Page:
The present Constitution of Vietnam advocates certain targets such as making folks property owners, providing special support to those elements of population which have the standard of living and raising the typical of living of rural residents and especially assisting farmers to have their own farmland.

Considering the points stated above relating to the land reform in Vietnam, I feel that the execution of land reform is more successful in South Vietnam where in the non-communist leaders' advocated equity. The Communist market leaders were more focused on political control and this just resulted in the farmers rebelling against their unfair conditions in their land reform. Assessing the situation in the Philippines to Vietnam, I can say that colonialism afflicted both countries negatively.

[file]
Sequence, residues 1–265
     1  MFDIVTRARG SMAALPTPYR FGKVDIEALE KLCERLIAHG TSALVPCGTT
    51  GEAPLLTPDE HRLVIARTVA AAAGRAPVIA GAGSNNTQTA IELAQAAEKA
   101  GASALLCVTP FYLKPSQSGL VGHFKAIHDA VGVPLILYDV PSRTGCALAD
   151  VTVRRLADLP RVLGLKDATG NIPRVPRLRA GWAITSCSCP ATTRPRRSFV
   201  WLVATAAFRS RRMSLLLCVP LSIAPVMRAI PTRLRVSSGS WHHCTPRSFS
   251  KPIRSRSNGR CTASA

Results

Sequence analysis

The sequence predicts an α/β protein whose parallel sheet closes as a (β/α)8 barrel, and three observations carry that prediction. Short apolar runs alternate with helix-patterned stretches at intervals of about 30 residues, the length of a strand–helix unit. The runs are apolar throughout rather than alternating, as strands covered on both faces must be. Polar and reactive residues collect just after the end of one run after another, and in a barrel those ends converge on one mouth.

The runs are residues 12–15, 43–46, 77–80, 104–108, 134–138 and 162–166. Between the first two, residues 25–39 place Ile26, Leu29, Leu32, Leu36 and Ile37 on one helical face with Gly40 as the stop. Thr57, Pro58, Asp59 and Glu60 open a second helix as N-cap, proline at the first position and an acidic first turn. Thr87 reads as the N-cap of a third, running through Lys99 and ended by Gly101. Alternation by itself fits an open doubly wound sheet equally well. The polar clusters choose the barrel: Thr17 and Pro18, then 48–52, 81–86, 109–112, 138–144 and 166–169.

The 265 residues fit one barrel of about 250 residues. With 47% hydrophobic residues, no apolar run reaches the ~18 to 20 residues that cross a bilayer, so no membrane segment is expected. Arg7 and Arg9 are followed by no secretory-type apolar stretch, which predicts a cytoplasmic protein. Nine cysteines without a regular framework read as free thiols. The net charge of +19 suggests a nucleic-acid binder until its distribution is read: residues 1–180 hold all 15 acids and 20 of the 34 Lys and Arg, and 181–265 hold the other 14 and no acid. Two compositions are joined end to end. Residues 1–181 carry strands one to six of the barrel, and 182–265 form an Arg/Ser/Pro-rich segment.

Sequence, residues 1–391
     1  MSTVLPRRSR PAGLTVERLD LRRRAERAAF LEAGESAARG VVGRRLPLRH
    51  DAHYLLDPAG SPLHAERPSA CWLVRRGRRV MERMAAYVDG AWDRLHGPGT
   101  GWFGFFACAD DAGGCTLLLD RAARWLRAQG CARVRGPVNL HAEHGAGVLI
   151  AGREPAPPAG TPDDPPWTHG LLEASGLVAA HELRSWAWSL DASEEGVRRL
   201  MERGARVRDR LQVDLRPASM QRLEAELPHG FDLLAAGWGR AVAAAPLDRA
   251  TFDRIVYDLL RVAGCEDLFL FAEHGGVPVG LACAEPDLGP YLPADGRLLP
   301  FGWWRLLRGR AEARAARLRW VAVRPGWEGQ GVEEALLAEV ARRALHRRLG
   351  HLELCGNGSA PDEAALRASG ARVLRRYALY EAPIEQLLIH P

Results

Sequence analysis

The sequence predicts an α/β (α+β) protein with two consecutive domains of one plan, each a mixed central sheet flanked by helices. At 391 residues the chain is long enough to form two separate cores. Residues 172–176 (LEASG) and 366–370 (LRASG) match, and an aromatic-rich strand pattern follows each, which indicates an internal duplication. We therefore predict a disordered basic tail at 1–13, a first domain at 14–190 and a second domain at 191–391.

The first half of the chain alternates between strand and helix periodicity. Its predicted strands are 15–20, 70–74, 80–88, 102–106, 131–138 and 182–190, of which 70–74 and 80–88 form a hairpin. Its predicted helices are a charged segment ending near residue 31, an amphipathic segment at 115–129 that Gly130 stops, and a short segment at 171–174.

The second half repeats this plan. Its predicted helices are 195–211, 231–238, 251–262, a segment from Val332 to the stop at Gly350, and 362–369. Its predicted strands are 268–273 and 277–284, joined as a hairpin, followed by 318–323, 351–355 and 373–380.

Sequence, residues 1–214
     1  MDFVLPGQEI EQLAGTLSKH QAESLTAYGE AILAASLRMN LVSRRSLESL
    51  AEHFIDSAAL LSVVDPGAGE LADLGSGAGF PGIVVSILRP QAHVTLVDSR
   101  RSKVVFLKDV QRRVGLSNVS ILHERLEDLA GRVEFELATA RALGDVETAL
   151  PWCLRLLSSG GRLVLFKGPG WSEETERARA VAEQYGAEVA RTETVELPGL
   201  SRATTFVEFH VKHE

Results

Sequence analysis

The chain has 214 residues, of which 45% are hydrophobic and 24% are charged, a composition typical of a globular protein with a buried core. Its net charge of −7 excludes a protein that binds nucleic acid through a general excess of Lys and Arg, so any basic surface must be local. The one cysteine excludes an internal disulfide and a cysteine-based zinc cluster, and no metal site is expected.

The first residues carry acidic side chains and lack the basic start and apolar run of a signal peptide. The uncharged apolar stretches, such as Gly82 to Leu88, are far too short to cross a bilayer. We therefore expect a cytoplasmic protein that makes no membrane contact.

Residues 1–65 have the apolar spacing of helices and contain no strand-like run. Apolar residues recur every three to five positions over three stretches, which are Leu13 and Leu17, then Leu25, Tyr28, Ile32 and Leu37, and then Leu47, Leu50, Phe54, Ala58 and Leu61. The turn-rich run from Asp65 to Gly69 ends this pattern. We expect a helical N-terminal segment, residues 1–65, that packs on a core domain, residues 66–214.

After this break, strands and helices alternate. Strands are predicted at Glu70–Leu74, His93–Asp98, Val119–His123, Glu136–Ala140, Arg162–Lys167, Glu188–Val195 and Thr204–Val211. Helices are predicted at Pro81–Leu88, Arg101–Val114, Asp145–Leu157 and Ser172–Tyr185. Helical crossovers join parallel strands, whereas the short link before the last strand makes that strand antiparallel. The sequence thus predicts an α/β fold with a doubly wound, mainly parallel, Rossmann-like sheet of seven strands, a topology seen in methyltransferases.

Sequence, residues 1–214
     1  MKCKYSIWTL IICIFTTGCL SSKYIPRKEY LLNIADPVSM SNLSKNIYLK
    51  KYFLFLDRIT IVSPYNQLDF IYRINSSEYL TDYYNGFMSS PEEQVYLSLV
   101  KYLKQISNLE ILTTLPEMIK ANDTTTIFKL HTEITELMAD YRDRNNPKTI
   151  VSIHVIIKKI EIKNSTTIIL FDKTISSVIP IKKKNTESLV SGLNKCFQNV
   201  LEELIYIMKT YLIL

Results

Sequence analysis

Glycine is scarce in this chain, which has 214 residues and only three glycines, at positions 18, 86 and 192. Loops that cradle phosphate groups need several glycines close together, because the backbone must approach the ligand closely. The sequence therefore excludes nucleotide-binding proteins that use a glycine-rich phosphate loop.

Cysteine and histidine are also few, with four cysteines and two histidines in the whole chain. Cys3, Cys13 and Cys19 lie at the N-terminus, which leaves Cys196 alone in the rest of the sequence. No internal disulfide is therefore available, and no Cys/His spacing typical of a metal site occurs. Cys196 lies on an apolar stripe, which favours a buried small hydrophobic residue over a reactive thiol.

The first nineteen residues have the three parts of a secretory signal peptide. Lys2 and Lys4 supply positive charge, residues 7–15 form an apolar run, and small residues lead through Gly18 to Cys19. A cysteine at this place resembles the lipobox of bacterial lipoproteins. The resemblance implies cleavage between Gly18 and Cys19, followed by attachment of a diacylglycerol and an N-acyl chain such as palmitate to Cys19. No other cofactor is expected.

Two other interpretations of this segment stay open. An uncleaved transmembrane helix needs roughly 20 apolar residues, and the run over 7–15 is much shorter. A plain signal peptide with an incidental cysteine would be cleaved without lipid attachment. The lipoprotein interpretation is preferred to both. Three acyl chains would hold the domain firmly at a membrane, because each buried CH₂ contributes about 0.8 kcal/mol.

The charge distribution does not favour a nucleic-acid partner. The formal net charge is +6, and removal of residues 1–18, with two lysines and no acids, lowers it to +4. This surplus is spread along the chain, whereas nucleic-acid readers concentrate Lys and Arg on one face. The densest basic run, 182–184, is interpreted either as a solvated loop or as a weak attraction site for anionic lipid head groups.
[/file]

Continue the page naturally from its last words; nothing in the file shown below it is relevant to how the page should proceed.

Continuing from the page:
To lengthen the talk on land reforms in Asia, I decided to choose a far more of an industrial country instead of an agricultural one and I've thought of Japan. The country of Japan experienced greatly after the long years of war in the past. The people suffered with food shortages and the current economic climate really was down. This is when the federal government thought that land reform was necessary to avoid the tenant farmers who have been disoriented with the oppressive tenancy system from building a hotbed of radicalism. The first land reform was then created which resulted to a fatality. The right of compulsory copy had not been to be exercised unless a tenant farmer mentioned his determination or desire to acquire land. In outcome of the, there existed the risk that landlords unwilling to part with their land would put pressure on their tenants to give up the rights to the land, and not just would sham owner-farmer institutions be created, but land would be secretly moved at preposterous prices. The second land reform had taken a step forward in the establishing of cultivation protection under the law. It had been made illegal for a landlord to cancel or won't renew a lease on farm land without the agreement of the prefectural governor. In 1950, the establishment of the owner-farmer system had been completed.